Laser printers affect air quality in work rooms

A laser printer is standard equipment in most offices. Printing is quick and the cost per page is comparatively low. However, there are always warnings that laser printers can adversely affect indoor air hygiene by emitting pollutants. "This problem concerns companies as well as printer manufacturers. Employers and employees attach great importance to healthy working conditions," explains Stefan Kischka, Vice President Electrical TÜV Rheinland. Manufacturers stay seated on their devices if they are suspected of causing illness. Even in tenders from authorities and offices, often only those devices are used that can prove their favorable emission characteristics by means of test marks.

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For several years, TÜV Rheinland has been dealing with emission measurement and assessment for printing systems. This is based on criteria that were developed in cooperation with the Federal Environment Agency for the environmental label "The Blue Angel". In order to receive the test mark, the printing or copying system must successfully go through a multi-stage process. Here the toner powder is examined for harmful substances. In the second test stage, the experts check which pollutants are released into the room air during the printing process. Certification is only successful if the printing system passes all tests.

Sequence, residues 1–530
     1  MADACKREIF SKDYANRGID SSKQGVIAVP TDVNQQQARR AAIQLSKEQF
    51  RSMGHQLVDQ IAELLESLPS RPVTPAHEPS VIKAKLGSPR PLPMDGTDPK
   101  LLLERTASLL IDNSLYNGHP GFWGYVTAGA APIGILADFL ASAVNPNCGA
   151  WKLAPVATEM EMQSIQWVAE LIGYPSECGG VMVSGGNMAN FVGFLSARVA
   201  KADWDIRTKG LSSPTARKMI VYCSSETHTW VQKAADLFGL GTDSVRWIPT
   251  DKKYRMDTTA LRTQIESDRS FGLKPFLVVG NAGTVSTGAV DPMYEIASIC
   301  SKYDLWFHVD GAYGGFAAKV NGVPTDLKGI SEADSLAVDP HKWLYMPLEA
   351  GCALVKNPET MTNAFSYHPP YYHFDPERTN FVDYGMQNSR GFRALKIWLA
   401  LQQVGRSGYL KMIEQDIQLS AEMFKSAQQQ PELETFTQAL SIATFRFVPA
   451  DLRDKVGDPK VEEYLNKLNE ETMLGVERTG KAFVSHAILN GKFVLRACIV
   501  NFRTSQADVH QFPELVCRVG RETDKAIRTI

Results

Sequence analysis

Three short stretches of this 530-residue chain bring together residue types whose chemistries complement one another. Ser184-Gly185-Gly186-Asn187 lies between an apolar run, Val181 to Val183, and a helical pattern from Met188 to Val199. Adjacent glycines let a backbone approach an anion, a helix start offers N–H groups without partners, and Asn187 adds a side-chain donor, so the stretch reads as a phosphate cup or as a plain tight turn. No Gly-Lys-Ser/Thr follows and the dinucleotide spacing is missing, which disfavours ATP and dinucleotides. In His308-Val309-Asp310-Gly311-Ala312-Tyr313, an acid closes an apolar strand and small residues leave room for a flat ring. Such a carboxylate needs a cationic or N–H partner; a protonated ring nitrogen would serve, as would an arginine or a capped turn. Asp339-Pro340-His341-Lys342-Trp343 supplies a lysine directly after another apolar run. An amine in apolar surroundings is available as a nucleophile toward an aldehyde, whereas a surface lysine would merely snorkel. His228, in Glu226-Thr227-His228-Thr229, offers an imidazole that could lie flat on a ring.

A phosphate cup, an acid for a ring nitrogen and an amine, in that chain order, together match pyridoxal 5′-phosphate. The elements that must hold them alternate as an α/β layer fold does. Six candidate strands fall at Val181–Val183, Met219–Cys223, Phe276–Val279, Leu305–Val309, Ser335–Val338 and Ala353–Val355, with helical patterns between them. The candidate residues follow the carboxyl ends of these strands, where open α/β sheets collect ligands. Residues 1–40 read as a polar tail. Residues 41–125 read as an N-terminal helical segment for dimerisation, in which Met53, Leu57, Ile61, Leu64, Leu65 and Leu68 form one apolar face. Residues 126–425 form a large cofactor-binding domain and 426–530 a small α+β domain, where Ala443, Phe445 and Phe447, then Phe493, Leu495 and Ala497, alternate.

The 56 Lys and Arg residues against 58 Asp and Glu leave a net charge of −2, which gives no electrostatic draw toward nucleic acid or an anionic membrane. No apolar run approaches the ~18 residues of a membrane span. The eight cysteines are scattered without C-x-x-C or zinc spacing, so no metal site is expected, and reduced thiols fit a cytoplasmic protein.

"In order to do justice to the increased sensitivity to the issue of indoor air quality, we also check the toner powder used for additional carcinogenic, gene-changing or reproductive-endangering substances during our pollutant analysis," explains the TÜV Rheinland expert. Printer cartridges that pass the certification receive the TÜV Rheinland test mark with the keywords "pollutant tested" and "emissions tested". "These test marks show the end user that the guide values for indoor air or - with the specified safety margin - are below the threshold values for the concentrations permitted in workplaces," adds Stefan Kischka.

Source: OTS: TÜV Rheinland AG newsroom